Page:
We all decide our destiny together. We decide, as a nation; as a society where we wish to go to. But sometimes because there are so many of us, we can’t come to a single decision. And then it is up to those who aspire to be leaders to unite all the diversity that exists in any healthy, normal society into a unity of purpose; a unit of purpose that will get us to a place that is better and higher than where we have been before.
So that, simply, to me, is the mindset of leadership; the determination to serve, not to lead. And it’s a determination and commitment to serve that decides who is a real leader, not the desire to be a leader itself.
I deeply appreciate that she speaks of the spiritual. It is the piece we need to connect to more, and urgently.
If you’re interested to bring servant leadership to your institution, please contact me at vadivu[at]joyworks.sg.
List of movies recommended by the Campaign for Love and Forgiveness by The Fetzer Institute.
Top 10 Movies on Character Strengths by the VIA Institute on Character which also has questions we can ask ourselves so we learn more from these movies. And here’s a list of movies for various character strengths.
The Positive Psychology Oscars of 2010 by Ryan Niemiec, Psy.D., a licensed psychologist, coach, and Education Director of the VIA Institute on Character.
The Positive Psychology Oscars of 2011 by Ryan Niemiec, Psy.D., a licensed psychologist, coach, and Education Director of the VIA Institute on Character.
Positive Psychology Oscars: Honorable Mention by Ryan Neimiec
Uplifting Films by Elliot Landy, a well-known photographer whose images of Woodstock and sixties music personalities such as Bob Dylan and Jimi Hendrix are recognised worldwide.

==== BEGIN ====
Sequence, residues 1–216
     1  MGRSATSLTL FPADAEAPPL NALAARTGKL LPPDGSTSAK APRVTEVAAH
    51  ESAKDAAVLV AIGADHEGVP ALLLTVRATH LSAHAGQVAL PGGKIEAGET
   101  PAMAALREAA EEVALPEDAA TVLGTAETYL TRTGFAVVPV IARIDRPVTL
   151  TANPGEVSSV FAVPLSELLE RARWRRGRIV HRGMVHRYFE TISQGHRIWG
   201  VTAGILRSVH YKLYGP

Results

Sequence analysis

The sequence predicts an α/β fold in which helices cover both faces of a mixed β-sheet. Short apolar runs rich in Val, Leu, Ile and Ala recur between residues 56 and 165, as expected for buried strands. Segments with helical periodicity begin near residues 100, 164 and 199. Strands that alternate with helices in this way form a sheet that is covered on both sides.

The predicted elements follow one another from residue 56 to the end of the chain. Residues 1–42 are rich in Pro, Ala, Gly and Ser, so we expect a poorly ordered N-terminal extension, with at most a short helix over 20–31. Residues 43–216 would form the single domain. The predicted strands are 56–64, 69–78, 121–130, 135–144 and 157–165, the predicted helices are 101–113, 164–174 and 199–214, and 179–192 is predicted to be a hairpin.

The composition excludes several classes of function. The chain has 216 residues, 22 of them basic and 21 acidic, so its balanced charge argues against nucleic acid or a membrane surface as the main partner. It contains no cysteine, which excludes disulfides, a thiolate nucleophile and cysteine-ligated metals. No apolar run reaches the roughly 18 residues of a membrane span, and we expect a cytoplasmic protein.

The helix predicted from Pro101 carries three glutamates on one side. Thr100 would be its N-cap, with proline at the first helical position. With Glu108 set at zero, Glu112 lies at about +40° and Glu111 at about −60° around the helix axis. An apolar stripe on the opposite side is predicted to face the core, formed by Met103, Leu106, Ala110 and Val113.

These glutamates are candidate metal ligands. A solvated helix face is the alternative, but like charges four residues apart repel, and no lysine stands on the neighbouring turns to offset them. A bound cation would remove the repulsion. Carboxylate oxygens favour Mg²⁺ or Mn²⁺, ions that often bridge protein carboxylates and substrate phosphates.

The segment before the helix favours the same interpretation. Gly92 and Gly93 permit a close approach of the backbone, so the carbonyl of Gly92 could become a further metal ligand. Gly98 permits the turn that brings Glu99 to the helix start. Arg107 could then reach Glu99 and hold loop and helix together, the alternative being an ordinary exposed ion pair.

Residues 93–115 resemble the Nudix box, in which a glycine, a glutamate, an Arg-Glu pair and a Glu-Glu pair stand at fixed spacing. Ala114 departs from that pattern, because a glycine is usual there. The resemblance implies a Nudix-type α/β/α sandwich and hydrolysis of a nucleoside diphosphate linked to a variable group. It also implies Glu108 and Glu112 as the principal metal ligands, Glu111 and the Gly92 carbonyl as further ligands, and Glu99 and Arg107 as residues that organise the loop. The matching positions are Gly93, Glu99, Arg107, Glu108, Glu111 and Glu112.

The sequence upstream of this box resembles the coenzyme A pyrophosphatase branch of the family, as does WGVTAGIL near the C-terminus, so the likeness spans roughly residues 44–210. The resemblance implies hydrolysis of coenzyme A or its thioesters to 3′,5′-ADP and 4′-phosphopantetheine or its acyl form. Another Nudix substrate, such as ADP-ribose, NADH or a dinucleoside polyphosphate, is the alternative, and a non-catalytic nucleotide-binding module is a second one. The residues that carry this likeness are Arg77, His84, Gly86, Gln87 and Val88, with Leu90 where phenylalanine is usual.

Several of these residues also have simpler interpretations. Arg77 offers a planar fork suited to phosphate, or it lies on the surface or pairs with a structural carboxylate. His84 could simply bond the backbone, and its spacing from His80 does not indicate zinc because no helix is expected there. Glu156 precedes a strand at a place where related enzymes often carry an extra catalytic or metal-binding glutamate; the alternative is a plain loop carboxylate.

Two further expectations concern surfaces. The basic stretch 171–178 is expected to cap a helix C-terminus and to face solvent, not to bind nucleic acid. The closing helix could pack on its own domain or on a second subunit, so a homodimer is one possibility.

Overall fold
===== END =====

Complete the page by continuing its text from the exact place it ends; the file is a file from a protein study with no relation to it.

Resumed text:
Enjoy these movies with family and friends, in schools, community and grassroots organisations, companies and religious organisations etc.
(PS: I’ve learnt the importance of respecting intellectual property over time. If you are watching/screening movies outside of your home, you need a licence in Singapore. You can apply for licences from the Motion Picture Licencing Company (Singapore) Pte. Ltd. You may also need other approval from authorities.)
Whitney Houston’s Greatest Love of All is probably one of the psychologically healthiest and wisest songs I have heard.
And a great reminder on Valentine’s Day. A reminder that the most important relationship in life is the one with ourselves. I’ve learnt that if that’s strong, positive and affirming, then relationships with others are more likely to be.
How is your relationship with yourself? Do you know how to love yourself?
Related: Love Story – With Yourself
30 good minutes – This is more than a publication, and has video clips too – all food for the soul.
Goodpaper.sg – a Singapore-based newspaper that supports greater awareness and action on making a difference.